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From Bar-Hopping to Bed-Hopping

Study finds drunken men are more willing to take sexual risks

THURSDAY, Oct. 4, 2001 (HealthDayNews) -- A bar-hopping researcher has discovered there's truth to an age-old assumption: If you pour a few drinks into a man, he'll be more likely to chase a promiscuous woman, regardless of the health risks.

The findings may appear about as obvious as a clumsy come-on line. But experts say studies like this give them more insight into why booze and a devil-may-care attitude go hand-in-hand.

Intoxicated people "are highly influenced by what's most immediate. They focus on what's right in front of them, and they don't focus on distant consequences," says Tara MacDonald, a psychology professor at Queen's University in Canada and an expert in the mental effects of alcohol.

The researcher, University of Wyoming graduate student Joe Gieck, became interested in the effects of booze after learning about the theory of "alcohol myopia." That theory says drunken people can focus only on concepts in the forefront of their minds and lose their ability to consider alternatives.

For example, MacDonald says, an intoxicated person may have trouble contemplating the risks of driving while drunk. "They'd probably think, 'I'm tired and I want to go home and here are my car keys, so I'm going to drive home,' without thinking of the potential costs. Those things aren't physically immediate to them. They have to imagine those scenarios, and they're not likely to do that because they're intoxicated," she explains.

To get a better idea of the role of alcohol in dating rituals, Gieck designed an unusual experiment to examine the thoughts of drunken men on the make.

Gieck went to bars in an undisclosed Rocky Mountain town and showed pictures of four women to 36 men who were in varying states of intoxication. Two of the women were considered attractive according to an earlier informal survey, and two were not. A "vignette" was created for each woman. Two, one attractive and one unattractive, were of "high sexual risk" -- defined as promiscuous and unlikely to use condoms. The other two were described as being of "low sexual risk."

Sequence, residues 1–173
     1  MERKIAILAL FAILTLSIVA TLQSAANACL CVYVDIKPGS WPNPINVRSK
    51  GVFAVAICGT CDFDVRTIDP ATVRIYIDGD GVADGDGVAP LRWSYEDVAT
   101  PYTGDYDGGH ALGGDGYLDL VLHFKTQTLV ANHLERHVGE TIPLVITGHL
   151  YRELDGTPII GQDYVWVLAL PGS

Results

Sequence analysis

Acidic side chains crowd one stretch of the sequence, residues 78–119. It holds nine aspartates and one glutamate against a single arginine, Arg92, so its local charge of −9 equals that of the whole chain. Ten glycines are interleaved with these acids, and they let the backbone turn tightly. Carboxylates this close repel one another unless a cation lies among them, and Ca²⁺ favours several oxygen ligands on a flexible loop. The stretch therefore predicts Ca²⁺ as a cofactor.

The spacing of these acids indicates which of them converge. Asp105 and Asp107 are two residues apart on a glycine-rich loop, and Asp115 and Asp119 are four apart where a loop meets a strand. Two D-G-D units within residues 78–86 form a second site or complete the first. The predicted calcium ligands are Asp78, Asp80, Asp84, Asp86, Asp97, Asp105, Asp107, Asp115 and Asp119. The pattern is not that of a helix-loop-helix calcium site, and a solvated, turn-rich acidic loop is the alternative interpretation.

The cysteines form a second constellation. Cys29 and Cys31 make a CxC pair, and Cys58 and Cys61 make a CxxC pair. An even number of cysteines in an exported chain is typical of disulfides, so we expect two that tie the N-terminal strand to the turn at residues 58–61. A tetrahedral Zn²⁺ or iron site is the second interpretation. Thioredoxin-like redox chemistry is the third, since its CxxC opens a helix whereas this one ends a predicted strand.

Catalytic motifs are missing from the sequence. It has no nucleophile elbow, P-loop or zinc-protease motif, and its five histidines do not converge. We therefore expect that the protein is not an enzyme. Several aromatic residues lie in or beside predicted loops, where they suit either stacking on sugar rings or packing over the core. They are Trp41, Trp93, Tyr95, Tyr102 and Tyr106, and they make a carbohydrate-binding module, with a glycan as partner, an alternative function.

Gieck asked the men which woman they would like to have sex with. He also measured the men's blood-alcohol levels with a Breathalyzer.

He expected the most intoxicated ones would focus on the immediate issue at hand --- having sex --- and let the risks fade into the background. He was right.

Those men whose blood-alcohol limit was between 0.08 percent (the legal driving limit in many states) and 0.13 were more likely to want to have sex with the attractive, high-risk woman. A total of 91 percent of the drunken men wanted to have sex with the high-risk, attractive woman, compared to 54 percent of the men who were sober or slightly intoxicated.

The drunken men simply didn't perceive the risks posed by the hypothetically promiscuous woman, Gieck says. "Their focus was on having intercourse with an attractive individual."

Gieck says his findings, which were reported at a recent American Psychological Association meeting in San Francisco, will help people "recognize the potential dangers they may be placing themselves in" when they become intoxicated.

But alcohol myopia isn't always a bad thing. While it can reinforce unhealthy behavior, it can also reinforce safe behavior if it's in the forefront of someone's mind, says MacDonald. "It causes more risky or more cautious intentions, depending on what cues are in the environment," she adds.

For that reason, bar owners should consider ways to put messages about caution directly in front of patrons, she says.

What To Do

If you plan on becoming drunk, make sure you have a sober friend around to keep an eye on you.

West Virginia University offers this fact sheet about what happens to your body and mind as you become more and more intoxicated.

Do you think you may have an alcohol problem? Alcoholics Anonymous offers a 12-question quiz to help you find out.

SOURCES: Interviews with Tara MacDonald, Ph.D., psychology professor, Queen's University, Kingston, Ontario; Joe Gieck, graduate student, University of Wyoming, Laramie
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